Right, and the reason all config files require admin (root) privileges is because *nix systems have always been networked multi-user systems. If any user could edit config files it's pretty obvious that chaos would follow. Windows/dos was originally stand alone single user machines and did not add such features until relatively recently.

If you want to do administrative tasks on Linux you have to learn to use bash or some other command line shell anyway, the graphical user interface is fine for most applications but lots of administrative tools are still command line only. It requires a little bit of effort to learn, but once you get the hang of it's easy.

It's a bit ironic since for a newbie Linux is easy, since newbies does not want to edit config files anyway, only use a browser, email and openoffice, etc. It's most challenging for the intermediate user who want's to do fairly advanced things but, and once they start to poke around they will hit the CLI "wall" or break something.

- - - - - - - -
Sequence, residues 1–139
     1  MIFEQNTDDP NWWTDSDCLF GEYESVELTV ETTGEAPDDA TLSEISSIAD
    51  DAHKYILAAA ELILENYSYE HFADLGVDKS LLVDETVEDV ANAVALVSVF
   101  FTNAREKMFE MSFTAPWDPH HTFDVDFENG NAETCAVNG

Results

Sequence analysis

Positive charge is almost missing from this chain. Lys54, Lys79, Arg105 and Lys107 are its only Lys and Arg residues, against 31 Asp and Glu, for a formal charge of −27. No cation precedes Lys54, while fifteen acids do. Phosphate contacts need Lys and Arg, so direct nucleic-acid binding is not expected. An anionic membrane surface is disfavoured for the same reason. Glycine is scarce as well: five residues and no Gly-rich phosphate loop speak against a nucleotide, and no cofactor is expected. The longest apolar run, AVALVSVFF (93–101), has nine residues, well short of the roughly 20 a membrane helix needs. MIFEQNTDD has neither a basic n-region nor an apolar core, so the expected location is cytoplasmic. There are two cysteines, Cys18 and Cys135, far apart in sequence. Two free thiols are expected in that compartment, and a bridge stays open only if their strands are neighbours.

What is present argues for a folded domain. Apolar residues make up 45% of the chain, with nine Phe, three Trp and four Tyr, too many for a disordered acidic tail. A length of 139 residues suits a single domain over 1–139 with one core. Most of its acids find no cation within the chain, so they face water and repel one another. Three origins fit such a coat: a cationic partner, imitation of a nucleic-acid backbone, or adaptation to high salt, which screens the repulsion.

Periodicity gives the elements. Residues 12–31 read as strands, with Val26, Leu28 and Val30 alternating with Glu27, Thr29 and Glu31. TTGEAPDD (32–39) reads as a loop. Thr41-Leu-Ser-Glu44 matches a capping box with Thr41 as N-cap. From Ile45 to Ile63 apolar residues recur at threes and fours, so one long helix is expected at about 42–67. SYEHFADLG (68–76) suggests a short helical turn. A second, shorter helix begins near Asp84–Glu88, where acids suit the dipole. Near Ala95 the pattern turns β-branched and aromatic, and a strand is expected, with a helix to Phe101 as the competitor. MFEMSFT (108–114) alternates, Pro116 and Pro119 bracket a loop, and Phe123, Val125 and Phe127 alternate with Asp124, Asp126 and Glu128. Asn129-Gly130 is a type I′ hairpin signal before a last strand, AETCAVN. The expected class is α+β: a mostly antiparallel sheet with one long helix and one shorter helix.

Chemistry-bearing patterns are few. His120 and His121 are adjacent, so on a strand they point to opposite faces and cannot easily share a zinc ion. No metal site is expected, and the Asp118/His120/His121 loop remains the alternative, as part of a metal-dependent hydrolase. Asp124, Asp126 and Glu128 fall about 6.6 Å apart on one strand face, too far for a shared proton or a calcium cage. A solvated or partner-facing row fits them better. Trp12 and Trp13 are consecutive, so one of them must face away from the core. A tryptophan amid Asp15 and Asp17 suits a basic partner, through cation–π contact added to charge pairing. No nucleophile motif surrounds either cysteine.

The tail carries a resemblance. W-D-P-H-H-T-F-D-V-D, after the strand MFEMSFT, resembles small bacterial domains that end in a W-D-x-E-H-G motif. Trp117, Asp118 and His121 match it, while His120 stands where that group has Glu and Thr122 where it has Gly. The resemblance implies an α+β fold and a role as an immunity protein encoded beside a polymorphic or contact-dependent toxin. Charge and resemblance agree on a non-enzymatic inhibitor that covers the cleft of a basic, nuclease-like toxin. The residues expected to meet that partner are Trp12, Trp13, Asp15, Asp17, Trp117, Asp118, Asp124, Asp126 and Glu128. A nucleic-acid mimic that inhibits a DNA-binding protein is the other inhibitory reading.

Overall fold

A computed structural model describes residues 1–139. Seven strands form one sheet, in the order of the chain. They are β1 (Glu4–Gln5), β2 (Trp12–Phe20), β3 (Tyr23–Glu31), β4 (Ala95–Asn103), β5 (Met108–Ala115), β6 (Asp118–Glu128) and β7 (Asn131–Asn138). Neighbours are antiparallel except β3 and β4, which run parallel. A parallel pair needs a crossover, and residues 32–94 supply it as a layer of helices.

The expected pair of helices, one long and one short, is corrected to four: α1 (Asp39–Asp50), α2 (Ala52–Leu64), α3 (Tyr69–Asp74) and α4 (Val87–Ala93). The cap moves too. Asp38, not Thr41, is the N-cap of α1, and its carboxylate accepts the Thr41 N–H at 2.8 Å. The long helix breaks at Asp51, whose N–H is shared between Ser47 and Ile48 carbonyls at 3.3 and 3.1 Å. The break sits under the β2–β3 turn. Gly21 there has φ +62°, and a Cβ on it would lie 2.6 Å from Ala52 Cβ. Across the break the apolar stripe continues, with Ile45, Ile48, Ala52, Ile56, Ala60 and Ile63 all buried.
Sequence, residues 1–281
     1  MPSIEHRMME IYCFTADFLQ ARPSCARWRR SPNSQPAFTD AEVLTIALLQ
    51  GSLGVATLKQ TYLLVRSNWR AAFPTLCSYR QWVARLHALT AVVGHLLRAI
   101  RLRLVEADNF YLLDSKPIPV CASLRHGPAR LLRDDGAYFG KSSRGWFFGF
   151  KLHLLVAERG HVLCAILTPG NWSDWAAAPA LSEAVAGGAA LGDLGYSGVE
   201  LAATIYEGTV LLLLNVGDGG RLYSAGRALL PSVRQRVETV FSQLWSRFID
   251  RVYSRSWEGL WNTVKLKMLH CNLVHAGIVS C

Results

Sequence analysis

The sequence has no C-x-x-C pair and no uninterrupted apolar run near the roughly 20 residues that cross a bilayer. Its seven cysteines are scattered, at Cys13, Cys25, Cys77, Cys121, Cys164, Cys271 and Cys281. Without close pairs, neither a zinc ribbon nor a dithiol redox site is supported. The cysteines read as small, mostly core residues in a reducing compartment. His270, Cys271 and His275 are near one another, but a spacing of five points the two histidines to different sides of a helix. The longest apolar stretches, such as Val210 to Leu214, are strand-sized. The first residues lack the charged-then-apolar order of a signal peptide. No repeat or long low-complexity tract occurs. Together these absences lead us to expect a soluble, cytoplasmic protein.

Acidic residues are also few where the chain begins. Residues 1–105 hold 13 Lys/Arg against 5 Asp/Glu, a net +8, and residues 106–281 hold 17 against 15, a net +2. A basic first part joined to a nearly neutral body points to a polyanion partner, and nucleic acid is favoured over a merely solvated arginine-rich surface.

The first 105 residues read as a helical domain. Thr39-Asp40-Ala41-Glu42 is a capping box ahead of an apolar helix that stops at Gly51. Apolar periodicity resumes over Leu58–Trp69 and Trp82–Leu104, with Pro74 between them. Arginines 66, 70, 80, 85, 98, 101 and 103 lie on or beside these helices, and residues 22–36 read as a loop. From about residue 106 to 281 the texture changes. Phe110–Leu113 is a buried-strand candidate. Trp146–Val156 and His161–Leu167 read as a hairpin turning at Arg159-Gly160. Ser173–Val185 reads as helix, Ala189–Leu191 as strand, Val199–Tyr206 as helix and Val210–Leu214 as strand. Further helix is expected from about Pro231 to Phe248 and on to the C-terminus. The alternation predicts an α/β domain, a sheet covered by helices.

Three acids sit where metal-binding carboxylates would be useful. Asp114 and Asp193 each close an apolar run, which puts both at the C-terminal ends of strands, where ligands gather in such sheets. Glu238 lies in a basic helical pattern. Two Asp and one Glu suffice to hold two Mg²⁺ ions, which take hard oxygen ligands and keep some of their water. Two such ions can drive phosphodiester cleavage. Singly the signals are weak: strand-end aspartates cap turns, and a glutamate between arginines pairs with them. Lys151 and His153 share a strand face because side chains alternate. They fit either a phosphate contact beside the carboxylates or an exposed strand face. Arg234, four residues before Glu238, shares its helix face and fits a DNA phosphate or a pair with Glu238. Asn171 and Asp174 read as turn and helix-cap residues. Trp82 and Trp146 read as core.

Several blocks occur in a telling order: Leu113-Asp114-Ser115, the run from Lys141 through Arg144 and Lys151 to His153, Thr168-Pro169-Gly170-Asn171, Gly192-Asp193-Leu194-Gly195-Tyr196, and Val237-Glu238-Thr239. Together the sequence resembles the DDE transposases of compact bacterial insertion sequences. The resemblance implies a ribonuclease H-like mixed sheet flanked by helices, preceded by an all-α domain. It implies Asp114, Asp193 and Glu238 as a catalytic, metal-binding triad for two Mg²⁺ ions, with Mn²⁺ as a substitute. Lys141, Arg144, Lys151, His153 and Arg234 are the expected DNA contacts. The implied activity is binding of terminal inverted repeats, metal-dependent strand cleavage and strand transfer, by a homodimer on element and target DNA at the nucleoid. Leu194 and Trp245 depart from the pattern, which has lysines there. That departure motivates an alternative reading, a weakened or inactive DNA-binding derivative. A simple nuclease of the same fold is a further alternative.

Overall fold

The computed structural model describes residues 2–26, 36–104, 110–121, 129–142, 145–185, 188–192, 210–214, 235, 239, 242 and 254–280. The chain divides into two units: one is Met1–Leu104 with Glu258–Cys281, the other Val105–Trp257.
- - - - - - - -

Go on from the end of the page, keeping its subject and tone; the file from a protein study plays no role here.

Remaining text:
Offline lwatts666

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Re: EEVblog #871 - Find Aliens With Your Raspberry Pi!
« Reply #47 on: April 26, 2016, 04:16:19 am »
Mmmmmm, SETI . . . nearly as efficient as nichrome wire but with more blinky lights!   ;)

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Offline mechatronicsguy

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Re: EEVblog #871 - Find Aliens With Your Raspberry Pi!
« Reply #48 on: May 16, 2016, 11:09:20 am »
Hi Dave,

I got inspired by your vid (actually by someone else who got inspired by your vid), and made this:
https://tinkerings.org/2016/05/16/home-supercomputer-using-spare-raspberry-pis/

Cheers,
Gavin
 

Offline EEVblog

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Re: EEVblog #871 - Find Aliens With Your Raspberry Pi!
« Reply #49 on: May 16, 2016, 11:15:28 am »
I got inspired by your vid (actually by someone else who got inspired by your vid), and made this:
https://tinkerings.org/2016/05/16/home-supercomputer-using-spare-raspberry-pis/

Sweet build Gav!
I'm going to tun my Orange Pi One cluster into a WOPR, just, because.